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⌨ The command-line interface framework for TypeScript.
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README.md

NPM Package Build Status Coverage Status

Clime

The command-line interface framework for TypeScript, fully tested with baseman.

Prerequisites

  • Node.js 6+
  • TypeScript compilation options in tsconfig.json
    • target needs to be set as 'es6' / 'es2015' or higher.
    • experimentalDecorators and emitDecoratorMetadata should both be enabled.

Install

yarn add clime
# or
npm install clime --save

Usage

Here is a basic example, an entry file (usually won't change much among time) and a single command:

src/cli.ts

#!/usr/bin/env node

import * as Path from 'path';
import {CLI, Shim} from 'clime';

// The second parameter is the path to folder that contains command modules.
let cli = new CLI('greet', Path.join(__dirname, 'commands'));

// Clime in its core provides an object-based command-line infrastructure.
// To have it work as a common CLI, a shim needs to be applied:
let shim = new Shim(cli);
shim.execute(process.argv);

src/commands/default.ts

import {Command, command, param} from 'clime';

@command({
  description: 'This is a command for printing a greeting message',
})
export default class extends Command {
  execute(
    @param({
      description: 'Your loud name',
      required: true,
    })
    name: string,
  ) {
    return `Hello, ${name}!`;
  }
}

Features

  • ☑ Type and schema based parameters/options casting
  • ☑ Object and promise based architecture
  • ☑ File path based multi-level subcommands
  • ☑ Automatic usage generating
  • ☑ Multiple command roots support New in v0.5

Parameter types and options schema

Clime provides a way in which you can get parameters and options you really want to: typed at compile time and casted at run time.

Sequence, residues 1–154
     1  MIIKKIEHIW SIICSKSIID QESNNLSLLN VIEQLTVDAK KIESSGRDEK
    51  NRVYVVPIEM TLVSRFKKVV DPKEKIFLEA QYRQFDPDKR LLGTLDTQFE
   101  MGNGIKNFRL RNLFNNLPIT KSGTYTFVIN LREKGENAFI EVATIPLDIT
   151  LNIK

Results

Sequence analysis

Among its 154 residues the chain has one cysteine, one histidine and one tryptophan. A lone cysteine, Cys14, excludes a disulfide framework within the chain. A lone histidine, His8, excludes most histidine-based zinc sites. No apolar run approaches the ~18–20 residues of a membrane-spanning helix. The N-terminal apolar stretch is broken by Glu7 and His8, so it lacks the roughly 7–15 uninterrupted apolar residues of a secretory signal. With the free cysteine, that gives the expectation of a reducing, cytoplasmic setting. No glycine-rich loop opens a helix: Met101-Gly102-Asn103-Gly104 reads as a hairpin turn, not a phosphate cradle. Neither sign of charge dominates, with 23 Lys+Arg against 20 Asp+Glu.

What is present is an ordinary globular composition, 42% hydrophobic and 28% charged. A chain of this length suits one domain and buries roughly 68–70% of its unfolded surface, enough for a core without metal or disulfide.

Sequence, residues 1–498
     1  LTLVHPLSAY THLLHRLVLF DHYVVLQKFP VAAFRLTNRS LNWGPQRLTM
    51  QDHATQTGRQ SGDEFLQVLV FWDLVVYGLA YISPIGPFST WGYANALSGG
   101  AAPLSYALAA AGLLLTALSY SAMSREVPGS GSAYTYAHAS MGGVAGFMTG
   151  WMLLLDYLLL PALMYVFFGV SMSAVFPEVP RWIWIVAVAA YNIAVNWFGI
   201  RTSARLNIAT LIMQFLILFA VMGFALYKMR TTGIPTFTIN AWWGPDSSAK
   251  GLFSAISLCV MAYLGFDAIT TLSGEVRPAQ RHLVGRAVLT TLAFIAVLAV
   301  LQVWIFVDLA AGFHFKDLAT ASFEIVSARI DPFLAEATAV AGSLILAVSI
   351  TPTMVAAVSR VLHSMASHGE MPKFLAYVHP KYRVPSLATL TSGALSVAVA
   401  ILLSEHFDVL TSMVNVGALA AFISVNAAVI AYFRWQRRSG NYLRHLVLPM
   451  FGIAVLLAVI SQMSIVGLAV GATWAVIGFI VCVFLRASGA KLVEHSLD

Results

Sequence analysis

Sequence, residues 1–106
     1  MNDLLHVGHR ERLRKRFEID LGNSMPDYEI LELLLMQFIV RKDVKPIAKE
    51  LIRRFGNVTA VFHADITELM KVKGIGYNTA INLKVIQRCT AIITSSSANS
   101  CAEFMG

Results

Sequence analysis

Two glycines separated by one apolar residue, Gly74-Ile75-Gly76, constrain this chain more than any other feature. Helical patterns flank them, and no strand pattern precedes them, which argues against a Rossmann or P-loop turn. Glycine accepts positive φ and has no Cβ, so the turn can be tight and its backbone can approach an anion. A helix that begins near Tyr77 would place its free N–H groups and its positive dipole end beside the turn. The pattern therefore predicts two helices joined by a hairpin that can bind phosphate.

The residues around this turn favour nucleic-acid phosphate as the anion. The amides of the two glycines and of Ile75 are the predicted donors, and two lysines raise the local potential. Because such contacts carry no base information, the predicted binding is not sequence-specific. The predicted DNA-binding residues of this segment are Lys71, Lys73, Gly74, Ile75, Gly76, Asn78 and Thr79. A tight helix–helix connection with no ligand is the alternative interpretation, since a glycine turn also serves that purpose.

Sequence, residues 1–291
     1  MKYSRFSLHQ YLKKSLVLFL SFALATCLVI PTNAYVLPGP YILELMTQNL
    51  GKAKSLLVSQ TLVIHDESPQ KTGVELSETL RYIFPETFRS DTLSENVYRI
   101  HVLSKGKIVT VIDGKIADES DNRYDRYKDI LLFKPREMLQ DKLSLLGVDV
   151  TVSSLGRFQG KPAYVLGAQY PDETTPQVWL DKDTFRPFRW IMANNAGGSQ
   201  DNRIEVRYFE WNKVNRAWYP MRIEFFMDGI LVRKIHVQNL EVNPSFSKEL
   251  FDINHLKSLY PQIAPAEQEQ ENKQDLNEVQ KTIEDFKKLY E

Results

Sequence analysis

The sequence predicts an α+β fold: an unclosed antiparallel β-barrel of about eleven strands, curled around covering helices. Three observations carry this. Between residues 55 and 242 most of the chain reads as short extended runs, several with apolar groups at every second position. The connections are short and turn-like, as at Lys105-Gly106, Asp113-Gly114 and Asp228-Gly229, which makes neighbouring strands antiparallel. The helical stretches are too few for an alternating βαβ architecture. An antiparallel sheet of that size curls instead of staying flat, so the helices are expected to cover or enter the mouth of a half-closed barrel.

import {Command, Options, command, option, param, params} from 'clime';

export class SomeOptions extends Options {
  @option({
    flag: 't',
    description: 'timeout that does nothing',
  })
  timeout: number;

  // You can also create methods and properties.
  get timeoutInSeconds(): number {
    return this.timeout / 1000;
  }
}

@command()
export default class extends Command {
  execute(
    @param({
      required: true,
      description: 'required parameter foo',
    })
    foo: string,
    @param({
      description: 'optional parameter bar',
    })
    bar: number,
    @params({
      type: String,
      description: 'extra parameters',
    })
    args: string[],
    options: SomeOptions,
  ) {
    return 'Hello, Clime!';
  }
}

And this is what you get for usage/help information:

USAGE

  command <foo> [bar] [...args] [...options]

  foo  - required parameter foo
  bar  - optional parameter bar
  args - extra parameters

OPTIONS

  -t, --timeout <timeout> - timeout that does nothing

Casting from string

Clime will automatically cast parameters to number, boolean based on their types. It also defines interface StringCastable that allows user-defined classes to be casted from parameters.

Please note that StringCastable is correspondent to the type of constructor instead of instance, so no implements should be present.

For example:

import {CastingContext} from 'clime';

class File {
  constructor(public path: string) {}

  static cast(path: string, context: CastingContext<File>): File {
    return new File(Path.resolve(context.cwd, path));
  }
}

Validators

A validator or validators can be specified for parameters and options validation. A validator can either be an instance that implements interface Validator<T>, a function that matches type ValidatorFunction<T> or a regular expression.

For the validators in forms other than regular expression, it is the casted value that will be tested against. And for regular expression validator, the source string will be tested against instead.

Expected error

A useful way to distinguish expected errors (e.g., errors that might be caused by incorrect user input) from other errors is to throw instances of ExpectedError class or its subclasses. And a validator for example, usually throw instances of ExpectedError.

Preserving metadata without command-line parameters

As TypeScript only emits metadata for target decorated by decorators, if no command-line parameter added, Clime won't be able to know information of options and context parameter. Thus a @metadata decorator that does nothing at run time is provided for preserving these metadata: